My one quibble is with a shortcut that Mr. McCarthy has taken in this opinion article — one which I think actually detracts from its overall persuasiveness.Mr. McCarthy begins thusly:
Why does the Obama Justice Department seem to have trouble mounting a full-throated, compelling legal defense of Osama bin Laden’s killing? The problem for Eric Holder the attorney general could be Eric Holder the private attorney.
In 2004, Mr. Holder chose to file an amicus brief on behalf of Jose Padilla, the al-Qaeda terrorist sent to our country by bin Laden and Khalid Sheikh Mohammed to carry out a post-9/11 second wave of attacks. In the brief, Holder argued that a commander-in-chief lacks the constitutional authority to do what his boss, the current commander-in-chief, has just done: determine the parameters of the battlefield. By Holder’s lights — at least when the president is not named Obama — an al-Qaeda terrorist must be treated as a criminal defendant, not an enemy combatant, unless he is encountered on a traditional battlefield.
It would be useful if staffers at congressional oversight hearings passed around copies of Holder’s Padilla brief. It is a comprehensive attack on Bush counterterrorism, an enthusiastic endorsement of the law-enforcement approach in vogue during the Clinton era (when Holder was deputy attorney general under Janet Reno, who also signed on to the Padilla brief). This might explain why Holder sometimes has difficulty answering seemingly easy questions. That’s what happened this week, when the Senate Judiciary Committee quizzed the attorney general on the lawfulness of the U.S. military’s targeted killing of bin Laden.
I have a problem with that line of argument. It's wrong, and dangerous, to presume that a lawyer privately supports every element of every cause, or every aspect of every defendant, whom he champions in court. And I know Mr. McCarthy knows this principle, and I believe he likely believes in it. Mr. McCarthy went around this hurdle — ignored it — when it's fairly easily overcome in this specific case, however:
Holder didn't take on Padilla as a paying client because he (Holder), like every lawyer, needs to put bread on his family's table. Holder didn't in fact represent Padilla at all, and the Second Circuit brief to which Mr. McCarthy refers wasn't filed by Mr. Holder in his capacity as a lawyer, pro bono or otherwise, for anyone. Holder wasn't among counsel of record in the case.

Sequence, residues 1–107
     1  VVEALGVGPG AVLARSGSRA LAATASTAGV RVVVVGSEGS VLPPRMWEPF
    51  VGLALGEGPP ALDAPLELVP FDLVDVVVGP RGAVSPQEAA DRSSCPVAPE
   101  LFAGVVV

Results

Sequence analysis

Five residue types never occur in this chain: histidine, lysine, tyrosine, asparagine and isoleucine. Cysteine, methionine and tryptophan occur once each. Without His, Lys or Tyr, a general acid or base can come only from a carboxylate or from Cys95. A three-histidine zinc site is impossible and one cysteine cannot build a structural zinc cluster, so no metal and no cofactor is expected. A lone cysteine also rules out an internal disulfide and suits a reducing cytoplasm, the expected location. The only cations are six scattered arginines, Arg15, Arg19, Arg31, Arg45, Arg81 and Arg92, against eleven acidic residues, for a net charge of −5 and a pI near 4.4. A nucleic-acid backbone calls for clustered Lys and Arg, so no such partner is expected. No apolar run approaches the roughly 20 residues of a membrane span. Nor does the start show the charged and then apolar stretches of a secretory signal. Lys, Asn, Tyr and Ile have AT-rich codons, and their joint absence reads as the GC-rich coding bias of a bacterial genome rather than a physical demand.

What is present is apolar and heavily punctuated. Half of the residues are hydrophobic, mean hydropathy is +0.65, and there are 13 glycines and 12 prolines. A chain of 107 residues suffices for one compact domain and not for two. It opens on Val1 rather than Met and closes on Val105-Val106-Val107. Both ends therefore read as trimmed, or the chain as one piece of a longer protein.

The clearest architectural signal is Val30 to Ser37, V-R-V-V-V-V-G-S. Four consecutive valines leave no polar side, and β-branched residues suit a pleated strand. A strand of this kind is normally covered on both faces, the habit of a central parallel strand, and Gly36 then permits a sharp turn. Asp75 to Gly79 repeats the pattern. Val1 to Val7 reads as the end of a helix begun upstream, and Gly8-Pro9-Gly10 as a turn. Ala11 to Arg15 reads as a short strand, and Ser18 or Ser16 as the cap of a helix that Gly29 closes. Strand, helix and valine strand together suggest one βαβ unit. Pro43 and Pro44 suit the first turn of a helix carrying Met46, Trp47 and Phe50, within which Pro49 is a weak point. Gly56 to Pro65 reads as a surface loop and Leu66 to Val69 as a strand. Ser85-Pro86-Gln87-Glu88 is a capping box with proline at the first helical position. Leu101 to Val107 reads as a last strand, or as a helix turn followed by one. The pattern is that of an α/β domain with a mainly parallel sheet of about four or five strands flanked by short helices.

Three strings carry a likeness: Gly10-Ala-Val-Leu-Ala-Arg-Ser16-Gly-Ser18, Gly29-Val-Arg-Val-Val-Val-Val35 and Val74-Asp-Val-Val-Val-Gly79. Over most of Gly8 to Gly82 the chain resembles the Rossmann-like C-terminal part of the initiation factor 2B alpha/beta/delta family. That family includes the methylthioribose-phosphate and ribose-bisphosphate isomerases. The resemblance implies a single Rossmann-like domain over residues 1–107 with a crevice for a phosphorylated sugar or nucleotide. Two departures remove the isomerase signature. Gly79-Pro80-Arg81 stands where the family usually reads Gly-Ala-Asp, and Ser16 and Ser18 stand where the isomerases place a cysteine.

Rather, Holder — with Janet Reno and two other former Clinton Administration lawyers — were themselves the "amici curiae," literally "friends of the court," who sought and received permission to address the Second Circuit on legal issues relating to Padilla's pending appeal. The lawyers who actually signed and filed the brief, acting in the role as counsel to the "amici curiae" including Holder, were from Arnold & Porter — one of the main (but mainly friendly) cross-town rivals of the Washington, D.C. firm at which Holder was then employed, Covington & Burling.
So attributing the views in this brief to Holder personally is entirely appropriate: The "mouthpieces" who may or may not have agreed with the "clients' position," but who figuratively and literally "signed off" on the brief, were the Arnold & Porter lawyers. Holder, although he had no stake in the case other than as a bystander and "friend of the court," was himself their client. Holder wasn't insisting on being heard by the Second Circuit through counsel because he was at the same risk of imprisonment or death that Padilla himself was in. Rather, Eric Holder, as a private lawyer whose only special credibility arose from his past government service, went out of his way to align himself with Padilla not as an advocate, but as a fellow principal interested in the same matters (albeit in the limited capacity of an amicus).
It's thus entirely fair — and indeed, much more fair than with other legal briefs in which Holder was merely a paid, or even volunteer, advocate for some client — to attribute the views in this amicus brief to Holder personally. Once the A&P lawyers agreed to represent these "amici curiae," the A&P lawyers were obliged to diligently advocate for Holder's (and his felllow amici curiae's) interests. They spoke not for themselves, but for Eric Holder — and it is to him that their arguments and positions must be attributed. Otherwise, the clients upon whose behalf the brief was filed lacked any authority even as a "friend of the court" to be heard at all.
Holder can't, in other words, hide behind the usual — and oftentimes entirely legitimate — beard that "I was only representing my client's interests, and I don't necessarily agree personally with everything I said on the client's behalf." Rather, everything said in the amicus brief in the Padilla case was said specifically on behalf of Holder; he was the client of the lawyers who wrote and filed it.